The very best managers know their success is determined, in part, by how well the organization does without them. If an organization cannot survive without the current person in charge, the current person in charge needs to make structural changes to make himself or herself expendable. No one person, from intern through CEO, is bigger than the mission and the people the organization serves.

Modified Advice for Advocates: Account for Congress, Go Local

Yesterday I suggested smart advocates ignore Congress. But as much as we may all wish that were possible, it isn’t. Congress still matters, even if it doesn’t work very well. A better approach is to account for Congress and pressure it from the outside. By accounting for Congress rather than relying on it, the best advocates foster change locally and help encourage it nationally.

States and localities are where decisions are getting made and policies implemented. State and local governments are where the next round of members of Congress are building their political bases and establishing their policy portfolios. And in an era of diminished power in Washington – leadership can no longer promise or remove earmarks, committee leadership term limits for Republicans, and so forth – federal policymakers increasingly look to local cues for how to act and vote.

The best advocates take advantage of this dynamic and target states based in part on what can be accomplished at the state level, and in part on who the federal representatives from those states are. For example, Hopkinsville, Kentucky matters more to those working on energy issues than New Haven, Connecticut does, because the Chairman of the House Energy and Commerce Subcommittee on Energy and Power is Representative Ed Whitfield (R-KY-01), and he has a district office in Hopkinsville. That means the Kentucky New Era matters more than the New York Times and Mayor Dan Kemp matters more that House Minority Leader Nancy Pelosi. Some states have several important federal policymakers – a key Senator as well as a key Representative or two; it becomes a bird/stone issue.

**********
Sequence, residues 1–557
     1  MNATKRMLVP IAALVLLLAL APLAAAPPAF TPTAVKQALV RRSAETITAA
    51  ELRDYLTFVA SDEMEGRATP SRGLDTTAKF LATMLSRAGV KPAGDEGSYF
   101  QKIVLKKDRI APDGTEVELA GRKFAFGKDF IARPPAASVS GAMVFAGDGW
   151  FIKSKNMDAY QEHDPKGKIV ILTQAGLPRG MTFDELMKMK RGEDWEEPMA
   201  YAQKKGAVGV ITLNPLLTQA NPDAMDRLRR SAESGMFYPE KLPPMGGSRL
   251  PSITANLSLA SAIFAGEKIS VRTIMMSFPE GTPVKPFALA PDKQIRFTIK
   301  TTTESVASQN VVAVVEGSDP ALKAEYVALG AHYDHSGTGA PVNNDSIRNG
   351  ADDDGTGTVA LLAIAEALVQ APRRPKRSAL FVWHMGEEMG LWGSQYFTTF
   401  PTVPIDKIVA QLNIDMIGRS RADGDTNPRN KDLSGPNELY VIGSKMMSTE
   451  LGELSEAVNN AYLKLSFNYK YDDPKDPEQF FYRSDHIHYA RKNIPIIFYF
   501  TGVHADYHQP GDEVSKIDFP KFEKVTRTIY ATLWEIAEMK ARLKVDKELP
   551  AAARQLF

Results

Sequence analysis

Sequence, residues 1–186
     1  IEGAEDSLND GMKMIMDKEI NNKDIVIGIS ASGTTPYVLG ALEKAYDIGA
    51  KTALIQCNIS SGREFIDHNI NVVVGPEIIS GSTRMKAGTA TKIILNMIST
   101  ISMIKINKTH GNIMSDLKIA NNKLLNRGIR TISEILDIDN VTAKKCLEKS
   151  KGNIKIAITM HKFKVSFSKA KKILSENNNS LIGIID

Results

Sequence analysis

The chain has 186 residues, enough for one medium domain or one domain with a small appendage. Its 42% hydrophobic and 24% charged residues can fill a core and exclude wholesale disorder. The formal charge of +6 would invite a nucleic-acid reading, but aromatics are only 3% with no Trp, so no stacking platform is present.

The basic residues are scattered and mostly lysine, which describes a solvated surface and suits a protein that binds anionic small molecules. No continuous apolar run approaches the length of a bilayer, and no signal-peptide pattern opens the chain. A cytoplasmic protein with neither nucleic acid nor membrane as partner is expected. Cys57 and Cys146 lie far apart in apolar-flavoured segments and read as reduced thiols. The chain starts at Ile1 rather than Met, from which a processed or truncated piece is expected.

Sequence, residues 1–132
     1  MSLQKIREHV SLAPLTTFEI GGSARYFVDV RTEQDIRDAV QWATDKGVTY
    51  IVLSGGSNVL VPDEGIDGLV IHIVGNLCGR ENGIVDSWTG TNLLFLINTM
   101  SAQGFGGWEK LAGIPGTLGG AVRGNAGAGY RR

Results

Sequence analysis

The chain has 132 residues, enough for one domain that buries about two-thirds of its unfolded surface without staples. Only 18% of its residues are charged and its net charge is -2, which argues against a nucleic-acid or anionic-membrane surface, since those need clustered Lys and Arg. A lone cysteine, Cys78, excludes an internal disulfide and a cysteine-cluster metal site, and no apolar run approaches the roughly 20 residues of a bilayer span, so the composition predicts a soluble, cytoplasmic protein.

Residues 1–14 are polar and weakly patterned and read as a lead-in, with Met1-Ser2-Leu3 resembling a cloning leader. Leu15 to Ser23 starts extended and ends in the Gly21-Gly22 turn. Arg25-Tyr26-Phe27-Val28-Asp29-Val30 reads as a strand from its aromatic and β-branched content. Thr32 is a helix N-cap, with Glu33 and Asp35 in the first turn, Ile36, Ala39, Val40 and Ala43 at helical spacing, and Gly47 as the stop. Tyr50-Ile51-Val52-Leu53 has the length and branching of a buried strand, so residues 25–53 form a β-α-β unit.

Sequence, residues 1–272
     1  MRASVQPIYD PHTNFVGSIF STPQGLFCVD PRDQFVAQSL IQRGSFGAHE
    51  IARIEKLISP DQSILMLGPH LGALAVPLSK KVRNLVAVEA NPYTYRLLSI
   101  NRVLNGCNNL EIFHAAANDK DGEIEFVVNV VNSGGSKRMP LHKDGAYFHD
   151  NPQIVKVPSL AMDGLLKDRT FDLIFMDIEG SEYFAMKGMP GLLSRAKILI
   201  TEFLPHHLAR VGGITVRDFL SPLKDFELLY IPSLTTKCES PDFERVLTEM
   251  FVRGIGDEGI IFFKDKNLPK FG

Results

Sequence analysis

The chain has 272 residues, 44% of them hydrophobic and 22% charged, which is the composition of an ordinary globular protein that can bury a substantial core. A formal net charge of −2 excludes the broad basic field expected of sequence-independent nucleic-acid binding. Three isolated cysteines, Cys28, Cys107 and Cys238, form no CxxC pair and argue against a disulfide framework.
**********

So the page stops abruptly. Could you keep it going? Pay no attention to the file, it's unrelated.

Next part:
A second state dynamic is local policy change. Some states, counties, and cities are pursuing interesting - and sometimes surprising - policies. If policies you support are moving, or could move, locally, that matters for targeting.

A final consideration is your infrastructure. Odds are good that you don’t have strong relationships with all the local mayors, state legislators, and newspapers in all the towns represented by the dozen members of Congress most important to your federal policy success. But you may have, or can quickly develop, a strong local infrastructure in half a dozen places that send powerful policymakers to Washington and that are open to (or doing) the change you support. You can find local elites that share your views, identify important political donors on your side, and engage local activists in your cause.

Your targeting model then has several layered elements:
Federal policymakers with power
State and/or local policy or policymakers
Local organizational infrastructure

In most cases, mapping these elements will reveal a half-dozen overlapping areas in which you can use local resources to promote local change and work with local media, which you will then promote with federal policymakers. Your D.C. people will talk to your federal targets about all the great work and leadership being done locally, and how that local success can be a national model. Your local activists will involve the district office(s) of your federal policymakers with an eye to pushing them to lead from Washington.